–Raf Stitt

58. The Driver (Ryan Gosling) | Drive (2011)

The Driver is the epitome of cool. Ryan Gosling has perfected the stony-faced outcast role, and he employs it to perfection here. A stuntman by day and getaway driver by night, the Driver is equally accomplished at both jobs. But as he gets embroiled in a messy relationship with his neighbor, and involved with some shady characters, things start to spiral out of control for him. Even though he doesn’t have a lot to say and remains emotionless throughout most of the movie, you really want him to be able to escape from the life of crime and settle down. 

–Lee McCutcheon

57. Mattie Ross (Hailee Steinfeld) | True Grit (2010)

The superstardom of John Wayne dominates the original True Grit as the wayward US Marshal Rooster Cogburn, and Jeff Bridges is equally fantastic int he role. But Hailee Steinfeld’s performance brings the shine to the character that is the true focus of the story— Mattie Ross. Most young girls couldn’t hold their own with Wild West outlaws, sheriffs and marshals, but Mattie Ross is the exception. Her character is on full display as she bargains a poor horse salesman down with her wit and incessant chatter. Ross is. fully realized character that never loses her humor despite being fueled by vengeance for the man who killed her father.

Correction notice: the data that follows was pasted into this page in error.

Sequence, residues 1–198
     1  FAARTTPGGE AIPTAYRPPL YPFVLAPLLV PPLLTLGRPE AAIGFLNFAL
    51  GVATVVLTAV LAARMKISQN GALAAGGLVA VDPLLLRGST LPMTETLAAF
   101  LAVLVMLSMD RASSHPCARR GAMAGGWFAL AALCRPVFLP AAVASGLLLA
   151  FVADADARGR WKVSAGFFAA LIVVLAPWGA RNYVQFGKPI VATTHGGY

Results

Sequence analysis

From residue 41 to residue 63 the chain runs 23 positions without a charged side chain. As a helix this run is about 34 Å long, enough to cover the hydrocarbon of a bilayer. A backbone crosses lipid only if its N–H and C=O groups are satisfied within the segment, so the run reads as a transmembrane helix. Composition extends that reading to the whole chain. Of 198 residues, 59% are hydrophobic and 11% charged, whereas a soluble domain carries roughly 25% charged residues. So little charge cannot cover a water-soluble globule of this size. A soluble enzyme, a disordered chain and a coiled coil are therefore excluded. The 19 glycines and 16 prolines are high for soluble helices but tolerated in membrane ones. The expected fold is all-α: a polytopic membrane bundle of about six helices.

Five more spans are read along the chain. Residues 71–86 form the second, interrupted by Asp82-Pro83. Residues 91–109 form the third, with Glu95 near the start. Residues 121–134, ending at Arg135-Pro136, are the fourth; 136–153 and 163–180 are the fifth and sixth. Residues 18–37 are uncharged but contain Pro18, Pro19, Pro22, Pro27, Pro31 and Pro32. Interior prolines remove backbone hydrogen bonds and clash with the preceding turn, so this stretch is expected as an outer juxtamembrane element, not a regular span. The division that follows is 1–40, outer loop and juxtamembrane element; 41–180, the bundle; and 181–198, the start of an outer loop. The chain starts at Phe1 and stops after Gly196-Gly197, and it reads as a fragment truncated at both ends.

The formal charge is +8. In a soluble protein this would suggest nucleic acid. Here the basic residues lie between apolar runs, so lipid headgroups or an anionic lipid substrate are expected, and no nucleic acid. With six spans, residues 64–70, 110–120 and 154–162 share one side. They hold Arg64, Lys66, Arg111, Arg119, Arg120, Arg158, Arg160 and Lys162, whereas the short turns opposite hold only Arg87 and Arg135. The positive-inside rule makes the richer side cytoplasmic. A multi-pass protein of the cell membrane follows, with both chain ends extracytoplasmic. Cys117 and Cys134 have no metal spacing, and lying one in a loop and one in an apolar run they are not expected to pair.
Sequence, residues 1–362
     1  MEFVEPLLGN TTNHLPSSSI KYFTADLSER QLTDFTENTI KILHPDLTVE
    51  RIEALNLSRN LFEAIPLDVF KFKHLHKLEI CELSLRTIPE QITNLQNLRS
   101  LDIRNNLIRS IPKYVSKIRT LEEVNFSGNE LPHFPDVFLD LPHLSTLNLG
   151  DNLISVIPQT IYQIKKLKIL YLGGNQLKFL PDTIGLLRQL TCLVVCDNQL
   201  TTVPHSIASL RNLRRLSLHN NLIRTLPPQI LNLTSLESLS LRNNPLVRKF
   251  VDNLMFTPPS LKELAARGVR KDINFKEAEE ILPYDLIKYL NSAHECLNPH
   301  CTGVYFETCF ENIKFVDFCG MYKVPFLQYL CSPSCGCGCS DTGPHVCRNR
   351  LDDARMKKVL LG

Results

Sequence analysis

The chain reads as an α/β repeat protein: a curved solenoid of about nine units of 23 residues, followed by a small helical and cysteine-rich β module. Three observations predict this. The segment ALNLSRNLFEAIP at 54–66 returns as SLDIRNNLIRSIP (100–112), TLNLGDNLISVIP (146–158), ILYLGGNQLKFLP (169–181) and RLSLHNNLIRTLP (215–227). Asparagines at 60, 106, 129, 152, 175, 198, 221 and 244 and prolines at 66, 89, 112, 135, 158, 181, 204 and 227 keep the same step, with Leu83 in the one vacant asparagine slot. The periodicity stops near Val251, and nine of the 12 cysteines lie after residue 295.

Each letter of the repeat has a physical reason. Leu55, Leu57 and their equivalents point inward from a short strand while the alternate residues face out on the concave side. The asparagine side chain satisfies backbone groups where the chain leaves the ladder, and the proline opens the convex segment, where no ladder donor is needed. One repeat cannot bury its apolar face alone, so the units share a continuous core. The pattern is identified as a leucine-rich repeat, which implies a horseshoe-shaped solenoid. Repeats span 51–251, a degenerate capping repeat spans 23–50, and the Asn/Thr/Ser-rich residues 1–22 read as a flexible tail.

–Jacob Holmes

56. Jordan Belfort (Leonardo DiCaprio) | The Wolf of Wall Street (2013)

Leonardo DiCaprio has never been better than his performance as the real-life Jordan Belfort. DiCaprio is unhinged as the shady Wall Street manipulator, constantly high on qualudes and drunk on his own power. Unlike many of these powerful characters though, Belfort is not a serious guy in the slightest. Instead he funnels that power into having the most luxurious fun a guy could have. Making it, of course, all the better when his house begins to come crashing down.

–Jacob Holmes

55. Alejandro Gillick (Benicio del Toro) | Sicario (2015)

I’ve often thought that No Country for Old Men and Sicario would make a good double feature. They share a subject matter and setting, but I also think that two of the main characters make for an interesting contrast. On paper, Alejandro and Anton are similar characters. They are emotionless killers. They both seem empty. We aren’t sure what drives them. With Anton, we never find out. Maybe he’s just a psychopath or maybe he’s evil incarnate. By the time we get to the end of Sicario though, we find out that Alejandro is nothing like Anton. Alejandro is driven by something very specific, and it’s the only thing driving him to do anything. It’s the only thing keeping him alive. And that thing is vengeance.